Bergmeier (l) with World Extreme Cagefighting Veteran Joe Pearson
Chad Bergmeier is an Iowa-based promoter for long-running MMA minor-league Extreme Challenge and his own Iowa Challenge. Since 1996, dozens of future UFC stars have fought in EXC's small midwestern shows, from Matt Hughes to Rich Franklin to Jon Fitch. We spoke with Bergmeier before Iowa Challenge #78, which is taking place this Saturday at the Shrine Temple in Sioux City.
Fightland: So why do you do this? Is it a money-making venture?
Chad Bergmeier: Well, when I first started promoting in 1997 I think I got roped into it by a boxing promoter. I had been training at his gym for quite some time. And, basically he asked me to help him with an “Ultimate Fighting Event” is what he called it. And this is November of 1997. He asked me to help him with a show, which is one of the first times it had been in our hometown. And I just figured he was going to ask me to be security or something along those lines, but it ended up being like, “I need you to take flyers and pass them out at the car dealership. I need you to go down to the meatpacking plant to pass out tickets as a way to get us some exposure.”
Before I knew it I was promoting. At the time I was only training to be a boxer. My goal was to be a professional boxer. So, that’s how I got into it. I worked a full-time job at that time. And I really liked it. We did a couple shows. All of our events at that time were two-day events. We would run tournaments.
The boxing promoter hated doing it. I really liked it, and he stepped away and I kept going for it. It was really fun. It gave me something to do aside from my regular job. It wasn’t at all profitable at that point. And finally in about 2001 I decided to start my own creation, which was Iowa Challenge, and really started turning it into more of a business.
In 2005, I actually started promoting full-time. I quit my other job and just started doing this. Now I promote close to 40 shows a year. So, I stay pretty active. In the course of 15 years, I would say I’ve done between 500 and 600 events.
So tell me about these early events.
The first event I ever was a part of was called “Bare Knuckle Brawl.” It was a pro event, so it was regulated by the state of Iowa. The event took place in February of 1998. I remember there were very small gloves. And it was so strange because I remember having to take the gloves and every time you buy a pair of gloves at the local sports store you would have to cut out like a pin that was in the inside of these gloves. And those were the only gloves that you could find that we could use. And at that point guys wanted to use them because they didn’t want to hurt their hands even worse than they were.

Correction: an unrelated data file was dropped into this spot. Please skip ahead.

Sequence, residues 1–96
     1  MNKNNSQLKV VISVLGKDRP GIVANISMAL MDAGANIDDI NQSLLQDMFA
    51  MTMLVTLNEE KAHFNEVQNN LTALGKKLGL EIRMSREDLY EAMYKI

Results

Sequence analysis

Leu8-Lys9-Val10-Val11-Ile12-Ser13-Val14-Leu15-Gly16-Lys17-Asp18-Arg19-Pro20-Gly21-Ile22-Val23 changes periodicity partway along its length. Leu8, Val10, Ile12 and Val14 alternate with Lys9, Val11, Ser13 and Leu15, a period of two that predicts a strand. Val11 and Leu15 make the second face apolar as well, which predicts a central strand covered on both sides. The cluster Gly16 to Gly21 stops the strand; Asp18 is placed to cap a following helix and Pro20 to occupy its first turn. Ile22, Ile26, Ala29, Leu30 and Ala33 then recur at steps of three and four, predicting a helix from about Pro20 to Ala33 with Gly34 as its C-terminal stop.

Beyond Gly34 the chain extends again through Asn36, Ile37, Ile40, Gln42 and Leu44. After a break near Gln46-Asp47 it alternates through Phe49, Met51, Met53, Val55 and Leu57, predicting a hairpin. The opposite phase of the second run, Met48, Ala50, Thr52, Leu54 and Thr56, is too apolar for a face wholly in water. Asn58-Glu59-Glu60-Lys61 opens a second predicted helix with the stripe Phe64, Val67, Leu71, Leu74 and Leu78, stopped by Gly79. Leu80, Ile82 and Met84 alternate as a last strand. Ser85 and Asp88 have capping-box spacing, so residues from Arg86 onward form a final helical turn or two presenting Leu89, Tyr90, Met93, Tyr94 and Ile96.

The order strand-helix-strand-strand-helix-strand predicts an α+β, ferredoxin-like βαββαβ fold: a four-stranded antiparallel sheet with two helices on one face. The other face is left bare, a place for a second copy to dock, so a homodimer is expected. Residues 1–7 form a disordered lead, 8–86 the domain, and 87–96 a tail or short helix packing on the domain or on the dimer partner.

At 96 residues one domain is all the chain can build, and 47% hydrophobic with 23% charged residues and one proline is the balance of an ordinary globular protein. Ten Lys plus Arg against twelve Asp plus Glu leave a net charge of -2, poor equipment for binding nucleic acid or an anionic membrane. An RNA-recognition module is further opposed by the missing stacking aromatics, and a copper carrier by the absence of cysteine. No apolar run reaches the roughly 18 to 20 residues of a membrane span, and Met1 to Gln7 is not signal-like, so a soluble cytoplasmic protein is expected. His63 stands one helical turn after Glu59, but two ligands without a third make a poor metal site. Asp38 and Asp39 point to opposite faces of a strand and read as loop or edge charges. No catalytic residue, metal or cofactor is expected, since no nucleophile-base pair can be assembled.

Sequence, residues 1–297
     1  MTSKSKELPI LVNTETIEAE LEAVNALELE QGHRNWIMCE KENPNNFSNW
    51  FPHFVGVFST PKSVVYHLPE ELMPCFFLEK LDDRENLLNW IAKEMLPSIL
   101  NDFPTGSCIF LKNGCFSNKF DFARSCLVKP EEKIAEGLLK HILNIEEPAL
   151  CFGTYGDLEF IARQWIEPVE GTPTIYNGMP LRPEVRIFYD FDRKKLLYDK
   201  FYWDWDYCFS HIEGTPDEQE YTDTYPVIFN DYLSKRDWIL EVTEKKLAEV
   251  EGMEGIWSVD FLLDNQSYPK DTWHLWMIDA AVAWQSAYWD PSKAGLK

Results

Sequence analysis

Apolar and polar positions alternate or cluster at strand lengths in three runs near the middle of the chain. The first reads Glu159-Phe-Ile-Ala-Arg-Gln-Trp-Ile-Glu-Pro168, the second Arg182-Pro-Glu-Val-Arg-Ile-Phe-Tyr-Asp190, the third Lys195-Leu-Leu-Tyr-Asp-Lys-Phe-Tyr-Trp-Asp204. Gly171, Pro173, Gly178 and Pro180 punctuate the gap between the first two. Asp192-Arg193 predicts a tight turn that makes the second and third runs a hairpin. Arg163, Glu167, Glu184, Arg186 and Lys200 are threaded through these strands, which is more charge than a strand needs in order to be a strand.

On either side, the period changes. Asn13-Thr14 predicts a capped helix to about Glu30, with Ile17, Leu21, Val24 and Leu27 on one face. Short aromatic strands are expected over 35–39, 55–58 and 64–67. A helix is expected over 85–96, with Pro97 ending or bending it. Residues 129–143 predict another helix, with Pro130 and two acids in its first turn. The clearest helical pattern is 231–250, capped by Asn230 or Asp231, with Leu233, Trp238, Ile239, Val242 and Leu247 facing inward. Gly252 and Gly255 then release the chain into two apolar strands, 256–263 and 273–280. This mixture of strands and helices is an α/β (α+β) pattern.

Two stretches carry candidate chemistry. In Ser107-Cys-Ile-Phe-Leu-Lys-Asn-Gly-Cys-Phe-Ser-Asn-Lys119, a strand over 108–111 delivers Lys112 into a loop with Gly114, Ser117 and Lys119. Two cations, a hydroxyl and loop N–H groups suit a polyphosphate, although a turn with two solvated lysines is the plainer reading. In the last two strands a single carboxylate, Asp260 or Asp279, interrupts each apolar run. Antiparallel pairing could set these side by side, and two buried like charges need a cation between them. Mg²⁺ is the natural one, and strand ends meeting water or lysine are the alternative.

The event took place in a bowling alley.
Were the fights in a ring or a cage or something else?
It was in a cage. It was literally a chain-link fence. I do not remember it being rubber-coated or anything like we have now. It was a stage; it was a platform, and it took them about 10 hours to set up that cage. The bowling alley, basically what it was, you would walk in this venue and you’d walk into a little lobby area. To your right there would be bowling lanes, and to your left there would be a small room that would hold about 250 people. The bowling lanes they covered. I can still remember people sitting in the center area right near where the bowling lanes were. Where the person would be behind to work the bowling lanes, I can still remember people standing on those platforms so people could see the fights.
It was two weight classes. So, basically it would be a four-man tournament at 200 pounds and over and a four-man tournament at 200 pounds and under. Back then the rounds were a one 10-minute round with a five-minute overtime. So if you went the distance it would come to a draw.
But you needed someone to win to go on in the tournament, so what would you do if it went past the overtime?
You would just hope that it didn’t. (Laughs).
So these guys would fight twice on a Friday and then twice on a Saturday?
Yeah, exactly. You’d fight on Friday and then turn around and fight on Saturday if you won.
I can still remember to this day how no one in the crowd had any idea what was going on during some of these fights. They did not even understand when someone won by an armbar. That’s one big thing that has changed, you know, the understanding of it. Also, back then you could hit them in the back of the head, you could knee in the face, you could kick them in the head while they were on the ground, that sort of thing. That and the weight discrepancies. In those days a guy could weigh 146 and be put up against a guy who weighed 199 and he just did it. Because that’s what it was about. It was really different back then.
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